Growth and development of carnation ‘Dreambyul’ plantlets in a temporary immersion system and comparisons with conventional solid culture methods
- 38 Downloads
The aim of the current study was to compare the effects of the culture method—conventional solid medium culture and temporary immersion system (TIS)—on the growth and development of carnation ‘Dreambyul’ plantlets. At the same time, different immersion intervals and immersion durations of TIS culture were also tested to find the optimal setting for mass production of high-quality carnation plantlets in vitro. In the first experiment, the results showed that the shoot length, root length, and number of nodes of plantlets cultured in the TIS were highest when the immersion interval was 8 h. Compared with that of plantlets cultured in the conventional solid medium culture, the fresh weight of plantlets cultured in the TIS was at least 3 times greater. The greatest total chlorophyll content, stomata with normal shapes was observed for plantlets grown in the TIS with an 8-h immersion interval. The lowest H2O2 level was recorded in plantlets cultured with the 8-h immersion interval. In the second study, growth traits such as the shoot length, root length, and stem diameter, as well as the number of shoots and roots tended to increase with immersion durations, and reached their peaks when the immersion duration was 90 s. Excessive water accumulation in tissues and a higher incidence of hyperhydricity were observed in plantlets where the immersion duration was 120 and 150 s. These findings suggest that an immersion interval of 8 h, combined with an immersion duration of 90 s, could be the optimal setting for growth and development of carnation ‘Dreambyul’ plantlets cultured in the TIS.
KeywordsCarnation Dianthus caryophyllus Micropropagation Temporary immersion system
This research was supported by the Cooperative Research Program for Agriculture Science and Technology Development (Project no. 01090805), Rural Development Administration, the Republic of Korea. Luc The Thi was supported by scholarship from the BK21 Plus Program, and the Ministry of Education.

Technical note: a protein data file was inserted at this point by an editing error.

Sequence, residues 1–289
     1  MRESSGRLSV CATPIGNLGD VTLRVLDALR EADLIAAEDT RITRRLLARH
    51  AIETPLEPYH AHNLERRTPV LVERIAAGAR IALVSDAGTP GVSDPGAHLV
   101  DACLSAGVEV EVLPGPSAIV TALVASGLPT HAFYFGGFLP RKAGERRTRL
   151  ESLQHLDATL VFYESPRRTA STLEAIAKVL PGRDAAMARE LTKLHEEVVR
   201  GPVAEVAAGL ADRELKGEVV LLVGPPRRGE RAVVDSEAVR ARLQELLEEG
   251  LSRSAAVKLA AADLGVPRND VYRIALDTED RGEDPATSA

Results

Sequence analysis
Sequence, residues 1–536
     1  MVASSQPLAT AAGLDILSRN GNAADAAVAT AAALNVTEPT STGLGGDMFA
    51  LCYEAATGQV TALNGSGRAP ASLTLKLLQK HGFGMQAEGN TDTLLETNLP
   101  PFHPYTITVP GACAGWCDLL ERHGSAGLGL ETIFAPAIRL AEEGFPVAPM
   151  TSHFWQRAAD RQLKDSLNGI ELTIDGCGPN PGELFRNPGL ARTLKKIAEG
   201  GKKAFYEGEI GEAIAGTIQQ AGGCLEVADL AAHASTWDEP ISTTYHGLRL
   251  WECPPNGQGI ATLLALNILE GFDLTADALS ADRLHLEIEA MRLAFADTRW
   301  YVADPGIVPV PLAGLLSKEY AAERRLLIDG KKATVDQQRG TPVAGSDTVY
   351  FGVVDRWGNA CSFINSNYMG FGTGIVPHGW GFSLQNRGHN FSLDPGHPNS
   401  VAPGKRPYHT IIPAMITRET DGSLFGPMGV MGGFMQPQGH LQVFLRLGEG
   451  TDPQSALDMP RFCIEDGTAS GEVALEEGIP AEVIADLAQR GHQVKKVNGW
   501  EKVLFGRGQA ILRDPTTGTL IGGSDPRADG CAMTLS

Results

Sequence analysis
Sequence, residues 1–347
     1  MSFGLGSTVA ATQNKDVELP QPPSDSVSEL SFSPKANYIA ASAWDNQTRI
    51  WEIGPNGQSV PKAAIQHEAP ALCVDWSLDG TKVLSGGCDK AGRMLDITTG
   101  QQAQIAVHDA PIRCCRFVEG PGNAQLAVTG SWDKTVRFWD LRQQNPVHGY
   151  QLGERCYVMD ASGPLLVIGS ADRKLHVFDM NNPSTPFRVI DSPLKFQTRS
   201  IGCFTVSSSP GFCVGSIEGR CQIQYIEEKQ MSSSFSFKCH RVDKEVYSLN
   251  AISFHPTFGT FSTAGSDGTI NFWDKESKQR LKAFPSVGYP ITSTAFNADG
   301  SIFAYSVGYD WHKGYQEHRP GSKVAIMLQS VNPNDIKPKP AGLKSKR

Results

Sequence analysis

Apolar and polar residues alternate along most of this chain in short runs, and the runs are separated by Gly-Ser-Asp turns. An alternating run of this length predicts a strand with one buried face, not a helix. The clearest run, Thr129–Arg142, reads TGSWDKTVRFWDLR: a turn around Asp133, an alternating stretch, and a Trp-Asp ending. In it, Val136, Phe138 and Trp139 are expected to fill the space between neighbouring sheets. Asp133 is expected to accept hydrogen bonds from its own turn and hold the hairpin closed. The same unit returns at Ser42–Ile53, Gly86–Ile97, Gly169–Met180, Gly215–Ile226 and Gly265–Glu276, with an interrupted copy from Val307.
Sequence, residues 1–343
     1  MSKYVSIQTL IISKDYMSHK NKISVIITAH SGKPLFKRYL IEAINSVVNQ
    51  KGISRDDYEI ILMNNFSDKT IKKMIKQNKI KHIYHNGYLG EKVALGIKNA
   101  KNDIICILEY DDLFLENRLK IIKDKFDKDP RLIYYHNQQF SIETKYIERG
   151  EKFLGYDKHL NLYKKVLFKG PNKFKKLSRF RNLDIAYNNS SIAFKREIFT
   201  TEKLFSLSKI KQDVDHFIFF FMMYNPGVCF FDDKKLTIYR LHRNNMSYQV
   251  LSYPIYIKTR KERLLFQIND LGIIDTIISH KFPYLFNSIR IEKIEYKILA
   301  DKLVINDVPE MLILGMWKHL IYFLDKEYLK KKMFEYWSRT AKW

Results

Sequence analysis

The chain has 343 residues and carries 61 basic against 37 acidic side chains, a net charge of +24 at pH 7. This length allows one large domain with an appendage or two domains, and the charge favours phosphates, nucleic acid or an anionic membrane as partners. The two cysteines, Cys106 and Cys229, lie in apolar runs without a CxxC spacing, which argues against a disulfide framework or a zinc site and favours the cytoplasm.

- Afreen F (2006) Temporary immersion bioreactor. In: Gupta SD, Ibaraki Y (eds) Plant tissue culture engineering. Springer, Dordrecht, pp 187–201Google Scholar
- Debergh P, Maene L (1984) Pathological and physiological problems related to the in vitro culture of plants. Parasitica 40:69–75Google Scholar
- Hoang NN, Kitaya Y, Morishita T, Endo R, Shibuya T (2017) A comparative study on growth and morphology of wasabi plantlets under the influence of the micro-environment in shoot and root zones during photoautotrophic and photomixotrophic micropropagation. Plant Cell Tissue Organ Cult 130:255–263CrossRefGoogle Scholar
- Kanwar JK, Kumar S (2010) Effect of growth regulators, explants and their interaction on shoot regeneration in carnation. Adv Hortic Sci 24:115–121Google Scholar
- Levin R, Vasil IK (1989) An integrated and automated tissue culture system for mass propagation of plants. In Vitro Cell Dev Biol-Plant 25:21–27Google Scholar
- Mc Alister B, Finnie J, Watt MP, Blakeway F (2005) Use of the temporary immersion bioreactor system (RITA®) for production of commercial Eucalyptus clones in Mondi Forests (SA). In: Hvoslef-Eide AK, Preil W (eds) Liquid culture systems for in vitro plant propagation. Springer, Dordrecht, pp 425–442CrossRefGoogle Scholar
- Park JE, Park YG, Thi LT, Soundararajan P, Jeong BR (2018) Effect of sucrose concentration, photosynthetic photon flux density, and CO2 concentration on growth and development of micropropagated mountain ash. Propag Ornam Plants 18:58–63Google Scholar
- Stanly C, Bhatt A, Keng CL (2010) A comparative study of Curcuma zedoaria and Zingiber zerumbet plantlet production using different micropropagation systems. Afr J Biotechnol 9:4326–4333Google Scholar
- Ziv M (2000) Bioreactor technology for plant micropropagation. Hortic Rev 24:1–30Google Scholar